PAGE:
Remnants of Another Age by Nikola Madzirov

Peggy Reid et al., tr. Carolyn Forché, intro. Rochester, New York. BOA. 2011. 103 pages. $16. isbn 978-1-934414-50-7

Remnants of Another Age

Remnants of Another Age is a bilingual Macedonian-English edition of selected poems by Nikola Madzirov (b. 1973), an internationally acclaimed poet of a younger generation. Madzirov represents yet another genuine lyrical voice of the Balkans, from the territory of the former Yugoslav republics. His poetics are founded on a specific type of nomadic wandering between variously opposed geographical, cultural, and spiritual territories that determine its characteristic existential position. Because of this, the poetic voice sees itself as a palimpsest comprised of several layers of memory, always reflected from an inner standpoint. The poem "Things We Want to Touch" begins with the line, "Nothing exists outside us." 

Although Madzirov evokes the mythical and historical migrations, exiles, and wars that were waged in the Balkans, his poetry primarily reveals his private and personal mythology. This can be found in the long lines of his poems, highly resembling prose poems ("I don't know" and "Ruin Homes"). The lyrical mythology of this poet is formed around fragile, precise, and expressive images that alternately emit light and darkness, shadow and dust. The landscapes of these images tend to be fantastic at times, almost mystical, with narrative elements that sharpen their symbolic potential. 

Growing up homeless or between shelters, nostalgia always at hand, Madzirov shapes the former reality and saves it from oblivion by randomly writing down its visible yet hidden traces, and by naming things that nobody before him has seen or written down: "We forget / things even before we lose them - / the calligraphy notebook, for instance. / Nothing's ever new." Still, the principle of the repetitive cycle of life, remembrance, and death and the desire for love are always realized in a particular, specifically chosen moment. This moment, however, makes the poetic present transparent for both past and future, and for their mutual reflection in time that transcends the known world. As a result, a truly melancholic and elegiac atmosphere permeates these lines, despite occasional incantations, for it constantly reminds us of words that condense silence, which precedes and follows our lives.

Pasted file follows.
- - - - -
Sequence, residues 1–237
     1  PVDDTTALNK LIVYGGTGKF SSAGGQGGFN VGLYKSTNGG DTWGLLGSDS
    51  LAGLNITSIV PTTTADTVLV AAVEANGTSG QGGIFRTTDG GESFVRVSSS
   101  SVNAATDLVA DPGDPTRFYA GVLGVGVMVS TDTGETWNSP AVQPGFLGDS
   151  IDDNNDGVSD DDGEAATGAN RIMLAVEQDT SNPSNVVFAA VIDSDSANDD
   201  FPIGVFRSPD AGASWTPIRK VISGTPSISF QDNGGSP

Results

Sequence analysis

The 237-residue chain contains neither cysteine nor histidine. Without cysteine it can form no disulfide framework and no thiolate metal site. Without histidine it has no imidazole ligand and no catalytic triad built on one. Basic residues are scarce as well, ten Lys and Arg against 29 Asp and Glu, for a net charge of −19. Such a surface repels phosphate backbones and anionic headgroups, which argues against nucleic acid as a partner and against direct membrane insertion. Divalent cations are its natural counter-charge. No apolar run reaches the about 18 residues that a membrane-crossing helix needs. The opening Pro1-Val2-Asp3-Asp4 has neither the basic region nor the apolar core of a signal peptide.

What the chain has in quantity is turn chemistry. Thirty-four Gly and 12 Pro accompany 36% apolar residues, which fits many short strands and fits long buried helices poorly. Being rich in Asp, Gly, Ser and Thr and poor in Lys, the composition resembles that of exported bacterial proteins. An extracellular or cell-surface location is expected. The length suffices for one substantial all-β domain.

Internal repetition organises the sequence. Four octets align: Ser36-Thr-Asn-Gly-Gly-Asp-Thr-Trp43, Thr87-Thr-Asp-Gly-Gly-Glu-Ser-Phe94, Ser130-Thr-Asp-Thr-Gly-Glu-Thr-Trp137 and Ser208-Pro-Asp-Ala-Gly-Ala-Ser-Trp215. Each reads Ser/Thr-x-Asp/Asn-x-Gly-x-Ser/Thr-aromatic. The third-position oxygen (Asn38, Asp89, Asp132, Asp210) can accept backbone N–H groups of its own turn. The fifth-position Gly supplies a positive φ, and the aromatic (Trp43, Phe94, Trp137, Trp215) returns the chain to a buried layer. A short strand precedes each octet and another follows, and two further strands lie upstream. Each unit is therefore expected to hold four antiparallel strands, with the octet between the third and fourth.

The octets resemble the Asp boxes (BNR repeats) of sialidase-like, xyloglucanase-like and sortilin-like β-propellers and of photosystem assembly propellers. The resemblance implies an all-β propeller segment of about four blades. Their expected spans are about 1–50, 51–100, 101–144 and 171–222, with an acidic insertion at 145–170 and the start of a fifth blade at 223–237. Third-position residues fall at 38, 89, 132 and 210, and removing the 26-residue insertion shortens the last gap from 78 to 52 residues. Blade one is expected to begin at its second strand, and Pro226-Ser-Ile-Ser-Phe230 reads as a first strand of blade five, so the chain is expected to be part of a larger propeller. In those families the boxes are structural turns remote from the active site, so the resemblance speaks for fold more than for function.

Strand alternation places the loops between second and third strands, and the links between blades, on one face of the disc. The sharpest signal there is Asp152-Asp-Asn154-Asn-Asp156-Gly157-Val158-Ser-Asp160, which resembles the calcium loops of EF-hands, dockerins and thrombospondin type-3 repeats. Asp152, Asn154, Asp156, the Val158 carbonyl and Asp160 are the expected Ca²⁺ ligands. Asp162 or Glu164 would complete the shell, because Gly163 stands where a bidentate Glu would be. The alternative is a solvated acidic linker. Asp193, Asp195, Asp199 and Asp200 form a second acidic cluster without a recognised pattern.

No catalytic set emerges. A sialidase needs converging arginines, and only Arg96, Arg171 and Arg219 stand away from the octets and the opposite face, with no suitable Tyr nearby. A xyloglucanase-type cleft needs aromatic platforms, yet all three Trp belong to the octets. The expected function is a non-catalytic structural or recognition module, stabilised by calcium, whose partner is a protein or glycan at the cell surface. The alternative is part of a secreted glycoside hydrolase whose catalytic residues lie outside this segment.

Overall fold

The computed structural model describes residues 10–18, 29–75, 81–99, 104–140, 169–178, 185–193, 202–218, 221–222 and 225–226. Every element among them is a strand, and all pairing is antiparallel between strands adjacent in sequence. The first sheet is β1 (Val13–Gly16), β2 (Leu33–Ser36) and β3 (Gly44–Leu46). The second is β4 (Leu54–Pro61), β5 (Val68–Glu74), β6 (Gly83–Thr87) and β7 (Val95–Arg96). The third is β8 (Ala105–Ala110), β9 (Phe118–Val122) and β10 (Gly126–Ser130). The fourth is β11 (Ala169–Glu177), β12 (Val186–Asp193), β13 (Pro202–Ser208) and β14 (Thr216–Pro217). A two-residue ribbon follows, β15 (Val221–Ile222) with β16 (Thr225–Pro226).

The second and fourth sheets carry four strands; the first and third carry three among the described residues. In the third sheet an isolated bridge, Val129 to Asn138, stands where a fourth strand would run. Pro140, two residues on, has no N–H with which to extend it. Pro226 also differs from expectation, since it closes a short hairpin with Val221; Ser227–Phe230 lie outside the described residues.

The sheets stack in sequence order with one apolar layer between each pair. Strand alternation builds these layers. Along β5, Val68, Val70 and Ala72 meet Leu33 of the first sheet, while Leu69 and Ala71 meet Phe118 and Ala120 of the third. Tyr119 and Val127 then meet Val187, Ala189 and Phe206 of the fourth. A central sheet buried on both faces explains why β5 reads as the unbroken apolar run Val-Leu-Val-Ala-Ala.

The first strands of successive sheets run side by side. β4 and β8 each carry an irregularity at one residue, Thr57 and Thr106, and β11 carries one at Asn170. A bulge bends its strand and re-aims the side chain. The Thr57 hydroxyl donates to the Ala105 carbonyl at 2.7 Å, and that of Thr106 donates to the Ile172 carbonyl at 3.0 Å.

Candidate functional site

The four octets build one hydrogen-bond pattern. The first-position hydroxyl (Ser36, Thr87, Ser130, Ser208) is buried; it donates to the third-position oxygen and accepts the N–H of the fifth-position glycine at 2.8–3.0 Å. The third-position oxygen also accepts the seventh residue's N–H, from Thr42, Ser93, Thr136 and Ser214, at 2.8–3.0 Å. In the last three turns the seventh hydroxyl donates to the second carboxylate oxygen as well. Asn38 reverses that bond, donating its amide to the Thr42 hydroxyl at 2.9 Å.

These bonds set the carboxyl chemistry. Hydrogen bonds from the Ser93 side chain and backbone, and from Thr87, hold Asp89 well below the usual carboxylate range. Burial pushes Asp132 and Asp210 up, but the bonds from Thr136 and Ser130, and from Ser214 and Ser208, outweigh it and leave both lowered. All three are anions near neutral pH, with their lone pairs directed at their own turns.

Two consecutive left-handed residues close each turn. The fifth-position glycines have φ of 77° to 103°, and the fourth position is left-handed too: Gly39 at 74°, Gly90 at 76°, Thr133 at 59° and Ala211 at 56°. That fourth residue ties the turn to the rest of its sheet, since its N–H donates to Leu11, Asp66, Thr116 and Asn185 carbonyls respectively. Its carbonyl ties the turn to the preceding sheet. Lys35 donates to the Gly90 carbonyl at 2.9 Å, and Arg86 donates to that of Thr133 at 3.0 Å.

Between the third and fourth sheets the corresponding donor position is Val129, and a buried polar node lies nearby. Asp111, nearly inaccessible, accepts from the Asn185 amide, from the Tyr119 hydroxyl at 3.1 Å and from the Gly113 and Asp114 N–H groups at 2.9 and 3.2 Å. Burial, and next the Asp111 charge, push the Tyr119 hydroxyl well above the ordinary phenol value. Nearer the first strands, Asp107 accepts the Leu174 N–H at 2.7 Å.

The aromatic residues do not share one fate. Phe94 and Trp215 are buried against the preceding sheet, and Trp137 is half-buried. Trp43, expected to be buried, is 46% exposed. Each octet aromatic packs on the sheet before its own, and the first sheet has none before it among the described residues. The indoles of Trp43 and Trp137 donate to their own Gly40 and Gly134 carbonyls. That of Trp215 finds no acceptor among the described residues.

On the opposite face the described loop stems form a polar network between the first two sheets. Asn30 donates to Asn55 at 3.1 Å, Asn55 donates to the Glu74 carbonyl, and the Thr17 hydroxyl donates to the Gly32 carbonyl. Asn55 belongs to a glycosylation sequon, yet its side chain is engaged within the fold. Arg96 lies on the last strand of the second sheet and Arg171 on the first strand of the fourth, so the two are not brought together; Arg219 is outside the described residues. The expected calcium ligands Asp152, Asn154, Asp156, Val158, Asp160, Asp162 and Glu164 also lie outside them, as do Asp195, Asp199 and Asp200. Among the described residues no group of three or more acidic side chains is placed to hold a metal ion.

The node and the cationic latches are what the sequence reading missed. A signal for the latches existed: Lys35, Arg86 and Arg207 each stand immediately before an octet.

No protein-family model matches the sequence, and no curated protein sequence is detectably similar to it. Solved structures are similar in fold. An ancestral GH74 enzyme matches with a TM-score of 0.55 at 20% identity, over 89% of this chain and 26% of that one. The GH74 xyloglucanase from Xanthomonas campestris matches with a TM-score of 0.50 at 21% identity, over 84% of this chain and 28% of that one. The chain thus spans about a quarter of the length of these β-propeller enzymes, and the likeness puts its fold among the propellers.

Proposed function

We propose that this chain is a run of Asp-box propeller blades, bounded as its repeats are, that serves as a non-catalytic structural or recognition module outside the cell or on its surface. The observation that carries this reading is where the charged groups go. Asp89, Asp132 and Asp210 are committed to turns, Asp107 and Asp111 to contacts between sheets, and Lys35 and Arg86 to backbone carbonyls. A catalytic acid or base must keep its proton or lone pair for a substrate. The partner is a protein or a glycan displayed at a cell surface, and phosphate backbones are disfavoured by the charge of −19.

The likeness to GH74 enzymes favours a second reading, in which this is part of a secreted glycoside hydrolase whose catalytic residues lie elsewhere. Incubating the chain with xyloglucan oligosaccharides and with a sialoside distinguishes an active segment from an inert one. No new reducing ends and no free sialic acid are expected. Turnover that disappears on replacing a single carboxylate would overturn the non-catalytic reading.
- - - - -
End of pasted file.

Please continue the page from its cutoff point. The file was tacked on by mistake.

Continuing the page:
The poet's vulnerability is thus equated with his mute testimony without witnesses: "My absence is a consequence / of all recounted histories and deliberate longings." And no matter how strong and painful this longing to go back to the original state of innocence and wholeness is, it might be the only thing that sustains the poet in and out of time. His transience can be measured by the intensity of spiritual and physical sufferings found in Madzirov's superbly modern religious imagination, as combined with the image of the body as a metaphysical entity: "I have a heart pierced by a rib. / Fragments of glass float through my blood / and clouds hidden behind white cells."

For Nikola Madzirov, to separate from one's self, to be alone—in order to commit oneself to air, fire, stars, and angels—means the return home, to earth, to those ancient habitats that preserve the remnants of bygone ages.

Bojana Stojanović Pantović
University of Novi Sad

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